Is Cell Phone Addiction Real?
With almost everyone walking around with a cell phone of some sort now days, it’s inevitable that someone would look into whether people can become addicted to their phone or not.
Way back in 2016 (wow, that’s like 3 years ago! Does time fly, or what?) Sarah Klein wrote an article titled “4 Ways Your Phone Is Stressing You Out – And How To Take Back Control.” Sarah began her post by observing that, according to research from the PEW Research Center, 92% of American adults had a cell phone, and nearly 33% never turned them off.
Looking back at me and my own phone, I fall into that last category. I haven’t turned mine off since I can’t remember when. Even when charging, I leave it on, night and day.
While Sarah’s article didn’t discuss addiction, the 4 “stresses” she mentioned just might point in that direction.
Let’s take a minute and review what they are.
1. Low Battery Anxiety.
Do you suffer from LBA? Do you begin to panic when you get that “LOW BATTERY” indication on you screen?
I usually don’t, but I have to clarify that a little. There is one time when I do. Here’s when:
I use an app called iBiker when I ride my bicycle, and it tracks my distance, speed, route, gain or drop in elevation, and such. It’s a big deal to me to log my miles, because I have an annual goal that I’m trying to reach.
Using the app, and also listening to music, can drain the battery fairly quickly. If I haven’t finished my ride and I get a low battery notification, I begin to worry about the phone shutting down before I finish the ride and therefore losing some of my mileage.
That’s why I use a power pack when I ride. After a couple of hours in the saddle, the cell phone battery begins to get used up. The power pack solves that problem and keeps it charged while I ride.
When I’m not riding, I’m not too worried about having a low battery, so I guess I have “situational” LBA. Is that a thing?
According to Sarah, the major symptom of LBA is asking a complete stranger if you can borrow a charger.
The next time you fly, take notice of all the people waiting for flights with their phones plugged in somewhere. you’ll find them sitting on the floor or wherever they can find an outlet.There have even been TV commercials with phone users hunting down a way to charge their phones.
2. Phantom Vibration Syndrome
I’ve had this one happen too, more often than I want to admit. This is when you “feel” a buzz in your pocket and immediately reach for your phone, only to realize that you imagined the whole thing.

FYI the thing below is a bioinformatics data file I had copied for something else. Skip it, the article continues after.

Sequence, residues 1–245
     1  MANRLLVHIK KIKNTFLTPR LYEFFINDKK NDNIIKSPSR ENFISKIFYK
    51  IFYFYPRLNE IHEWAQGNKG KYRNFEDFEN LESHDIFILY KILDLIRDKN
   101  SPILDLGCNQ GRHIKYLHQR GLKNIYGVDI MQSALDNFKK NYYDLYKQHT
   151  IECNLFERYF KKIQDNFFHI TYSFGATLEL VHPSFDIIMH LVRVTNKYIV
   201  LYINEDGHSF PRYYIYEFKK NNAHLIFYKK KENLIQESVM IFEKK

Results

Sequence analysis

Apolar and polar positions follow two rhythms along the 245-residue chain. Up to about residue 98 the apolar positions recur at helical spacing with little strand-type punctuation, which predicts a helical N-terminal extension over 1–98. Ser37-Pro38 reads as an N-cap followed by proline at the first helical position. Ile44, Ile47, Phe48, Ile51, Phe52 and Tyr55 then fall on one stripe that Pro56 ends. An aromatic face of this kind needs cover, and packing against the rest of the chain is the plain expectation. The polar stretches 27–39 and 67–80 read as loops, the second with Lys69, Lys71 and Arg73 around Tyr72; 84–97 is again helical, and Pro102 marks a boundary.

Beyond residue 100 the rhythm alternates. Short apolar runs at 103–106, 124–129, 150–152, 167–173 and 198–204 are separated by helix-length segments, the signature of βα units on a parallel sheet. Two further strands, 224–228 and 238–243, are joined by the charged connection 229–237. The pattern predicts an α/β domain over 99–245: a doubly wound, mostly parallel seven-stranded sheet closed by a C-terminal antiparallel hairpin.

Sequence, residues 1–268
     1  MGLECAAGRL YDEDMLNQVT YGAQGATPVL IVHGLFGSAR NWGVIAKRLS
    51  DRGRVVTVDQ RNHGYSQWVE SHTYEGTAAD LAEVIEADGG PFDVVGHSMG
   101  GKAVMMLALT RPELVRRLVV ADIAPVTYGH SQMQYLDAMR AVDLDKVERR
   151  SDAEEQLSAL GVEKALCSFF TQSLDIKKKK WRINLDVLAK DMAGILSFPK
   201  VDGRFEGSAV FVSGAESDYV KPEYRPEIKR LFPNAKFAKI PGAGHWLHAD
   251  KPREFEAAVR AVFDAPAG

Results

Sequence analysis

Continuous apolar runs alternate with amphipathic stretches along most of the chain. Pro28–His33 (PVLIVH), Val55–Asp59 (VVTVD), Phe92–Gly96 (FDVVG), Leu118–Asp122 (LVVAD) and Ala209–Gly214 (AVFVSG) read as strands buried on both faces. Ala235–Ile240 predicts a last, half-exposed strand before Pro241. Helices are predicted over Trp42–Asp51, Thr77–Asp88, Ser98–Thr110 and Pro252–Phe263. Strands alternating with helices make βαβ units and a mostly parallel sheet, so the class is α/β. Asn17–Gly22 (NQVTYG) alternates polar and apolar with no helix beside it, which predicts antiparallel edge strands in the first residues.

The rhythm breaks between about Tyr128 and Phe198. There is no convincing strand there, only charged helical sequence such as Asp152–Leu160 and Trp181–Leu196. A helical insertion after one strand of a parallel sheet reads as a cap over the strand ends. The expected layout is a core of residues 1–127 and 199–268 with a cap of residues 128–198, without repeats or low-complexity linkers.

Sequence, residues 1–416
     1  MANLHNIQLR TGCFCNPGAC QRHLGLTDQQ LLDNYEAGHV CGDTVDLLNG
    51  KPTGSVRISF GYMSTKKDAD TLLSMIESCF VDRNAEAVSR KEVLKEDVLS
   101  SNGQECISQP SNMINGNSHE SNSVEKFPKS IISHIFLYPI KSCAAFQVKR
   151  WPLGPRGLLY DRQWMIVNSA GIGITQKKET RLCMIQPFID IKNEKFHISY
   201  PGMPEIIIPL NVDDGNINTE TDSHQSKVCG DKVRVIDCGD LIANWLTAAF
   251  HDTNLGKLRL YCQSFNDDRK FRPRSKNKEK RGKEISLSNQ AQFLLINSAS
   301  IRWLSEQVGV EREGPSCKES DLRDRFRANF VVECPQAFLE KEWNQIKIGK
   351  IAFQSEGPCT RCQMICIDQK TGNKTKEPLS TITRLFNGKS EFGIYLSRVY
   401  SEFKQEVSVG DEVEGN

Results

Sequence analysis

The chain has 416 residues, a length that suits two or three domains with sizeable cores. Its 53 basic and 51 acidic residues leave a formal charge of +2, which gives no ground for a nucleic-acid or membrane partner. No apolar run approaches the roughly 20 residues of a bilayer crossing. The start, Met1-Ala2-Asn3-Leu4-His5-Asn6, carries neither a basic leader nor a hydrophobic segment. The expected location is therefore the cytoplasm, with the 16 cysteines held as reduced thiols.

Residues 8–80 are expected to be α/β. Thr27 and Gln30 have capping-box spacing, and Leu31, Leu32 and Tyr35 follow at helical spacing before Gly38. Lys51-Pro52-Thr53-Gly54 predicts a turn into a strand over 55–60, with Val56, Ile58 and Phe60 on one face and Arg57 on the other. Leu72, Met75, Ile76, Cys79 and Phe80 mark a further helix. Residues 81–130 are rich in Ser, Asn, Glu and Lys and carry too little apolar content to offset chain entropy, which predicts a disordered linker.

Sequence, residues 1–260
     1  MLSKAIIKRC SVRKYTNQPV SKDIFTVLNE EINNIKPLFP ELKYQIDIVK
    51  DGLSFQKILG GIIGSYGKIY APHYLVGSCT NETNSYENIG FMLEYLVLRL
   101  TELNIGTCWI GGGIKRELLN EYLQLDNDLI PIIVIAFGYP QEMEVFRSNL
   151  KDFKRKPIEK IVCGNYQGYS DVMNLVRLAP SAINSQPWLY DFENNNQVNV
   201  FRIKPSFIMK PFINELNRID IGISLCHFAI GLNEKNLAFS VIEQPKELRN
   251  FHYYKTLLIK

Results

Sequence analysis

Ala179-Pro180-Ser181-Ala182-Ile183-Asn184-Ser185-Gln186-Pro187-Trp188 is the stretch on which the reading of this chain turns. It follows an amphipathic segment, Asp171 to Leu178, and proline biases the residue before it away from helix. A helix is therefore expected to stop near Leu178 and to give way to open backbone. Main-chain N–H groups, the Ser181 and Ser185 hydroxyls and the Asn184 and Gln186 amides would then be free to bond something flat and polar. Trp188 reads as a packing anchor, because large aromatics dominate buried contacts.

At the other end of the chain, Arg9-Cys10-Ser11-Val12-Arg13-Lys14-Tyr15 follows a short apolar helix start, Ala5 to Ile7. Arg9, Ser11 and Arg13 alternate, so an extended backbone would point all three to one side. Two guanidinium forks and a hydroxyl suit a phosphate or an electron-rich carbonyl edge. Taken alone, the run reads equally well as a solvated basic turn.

I keep my phone on vibrate, with the ringer turned off, so I’m probably more susceptible to this than most. I do that mainly because I play a couple of games on the phone, like Solitaire, and Sudoku, and I don’t like the accompanying bells, whistles, and applause type noises.
I rely on my Apple Watch and my phone’s vibration to let me know when someone’s contacting me.
I admit that I”ve missed a call or two this way, but I catch most of them.
3. Have You Heard The Term Nomophobe?
That’s the third stressor. You have nomophobia if you’re afraid of being without your phone. I guess there’s a phobia for everything now. I had to think about that one for a few minutes, and, since I’m always forgetting my phone or leaving it lying around somewhere, I’m not a nomophobe.
My phone is not my security blanket.
4. Another New Term – FOMO
FOMO stands for Fear Of Missing Out. I guess those who suffer from this stressor are always checking their phones to see if they have any new messages or communications with other people.
FOMO sufferers also start to get nervous when what they think is too much time passes without a communication. They start to think that people are purposely avoiding them, or excluding them from the “group.”
In most cases, this is an irrational fear. People driving through deserts and mountains where there isn’t a cell tower within range must become basket cases by the time they get back in range.
Looking back over the four stresses that Sarah listed in her article, I am of the opinion that numbers 1, 3, and 4 could be partial indicators of at least a mild addiction to the phone. I’m giving #2 a pass, because it’s more of a conditioned response that an addiction.
Somebody Came Up With A Test!
Dr. David Greenfield, PhD, of the Center For Internet and Technology Addiction at the University of Connecticut developed a “SMARTPHONE COMPULSION TEST.” Check it out, it’ll give you an idea of your level of addiction to your phone. Maybe you’re one of those people who don’t have a problem.
It’s not that long a test, and it makes you think a little bit.
I guess cell phone addiction is a real thing, otherwise there wouldn’t be PhD’s at major Universities studying it. A lot of people have addictive personalities, and the cell phone is just one more thing that people latch onto and can’t do without.
Imagine how bad it is for teenagers, but that’s a subject for another post.
Thanks for reading. I know your time is valuable so I appreciate it. I’d love to hear from you. Drop me a comment below and I’ll be sure to respond. Now for a slight change of subject.
Update: I just learned that the Masters golf tournament has banned cell phones in the gallery on the course. It’s worth the read.
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Thanks again. I’m Grant.